United Launch Alliance gets new chief operating officer
With the retirement of Dan Collins earlier this year from United Launch Alliance (ULA) after serving 11 years as its Chief Operating Officer (COO), the search for a replacement began. ULA has now named John Elbon as that replacement.
Elbon comes to ULA via The Boeing Company where he was vice president and the general manager for space exploration at Boeing Defense, Space, & Security. In that position he was responsible for the direction of the company’s civil space programs as well as supporting NASA programs, including the International Space Station, the Space Launch System, and also the commercial crew development program, which is preparing to launch the first CST-100 Starliner spacecraft later this year on an uncrewed test flight.
With a bachelor’s degree in aerospace engineering from Georgia Institute of Technology, he had a nearly 35-year-long career at Boeing. There, he managed several NASA programs including the now-cancelled Constellation program, ISS, and the Checkout, Assembly & Payload Processing Services (CAPPS) contract at the space agency’s Kennedy Space Center.
In a press release, ULA said Elbon, as vice president and program manager of ISS, led Boeing in its role as prime integrating contractor for NASA’s ISS contract to design, develop, test, launch and operate the orbiting facility, which saw the first modules launch in 1998.
“We could not be more pleased to have John join the ULA leadership team during this exciting time of transformation,” said ULA President and CEO Tory Bruno in a company statement. “John brings a tremendous amount of expertise in the area of civil space, and his leadership will continue to help ULA drive its world-leading reliability, schedule confidence, and mission optimization – delivering value unmatched by any launch services company in the industry.”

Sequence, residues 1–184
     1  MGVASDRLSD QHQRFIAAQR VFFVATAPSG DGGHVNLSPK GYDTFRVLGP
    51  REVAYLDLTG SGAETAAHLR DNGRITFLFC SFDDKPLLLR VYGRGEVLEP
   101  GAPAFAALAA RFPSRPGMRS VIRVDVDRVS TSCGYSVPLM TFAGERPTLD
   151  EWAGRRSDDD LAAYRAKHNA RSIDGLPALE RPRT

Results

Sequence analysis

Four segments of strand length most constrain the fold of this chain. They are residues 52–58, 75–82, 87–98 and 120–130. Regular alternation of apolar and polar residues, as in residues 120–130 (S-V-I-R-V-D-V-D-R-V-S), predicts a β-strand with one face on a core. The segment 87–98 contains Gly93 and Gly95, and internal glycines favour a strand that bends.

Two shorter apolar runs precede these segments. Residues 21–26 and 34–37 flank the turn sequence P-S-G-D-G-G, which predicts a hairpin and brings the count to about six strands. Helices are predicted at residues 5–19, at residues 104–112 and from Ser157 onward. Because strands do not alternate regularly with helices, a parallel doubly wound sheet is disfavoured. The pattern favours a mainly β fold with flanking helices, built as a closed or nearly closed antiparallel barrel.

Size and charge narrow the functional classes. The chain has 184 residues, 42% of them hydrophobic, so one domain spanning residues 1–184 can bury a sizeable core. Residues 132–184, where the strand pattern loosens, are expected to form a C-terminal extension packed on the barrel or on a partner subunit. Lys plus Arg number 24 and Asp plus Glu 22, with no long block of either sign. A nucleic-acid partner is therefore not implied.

Lloyd Campbell’s first interest in space began when he was a very young boy in the 1960s with NASA’s Gemini and Apollo programs. That passion continued in the early 1970s with our continued exploration of our Moon, and was renewed by the Shuttle Program. Having attended the launch of Space Shuttle Discovery on its final two missions, STS-131, and STS-133, he began to do more social networking on space and that developed into writing more in-depth articles. Since then he’s attended the launch of the Mars Science Laboratory Curiosity rover, the agency’s new crew-rated Orion spacecraft on Exploration Flight Test 1, and multiple other uncrewed launches. In addition to writing, Lloyd has also been doing more photography of launches and aviation. He enjoys all aspects of space exploration, both human, and robotic, but his primary passions lie with human exploration and the vehicles, rockets, and other technologies that allow humanity to explore space.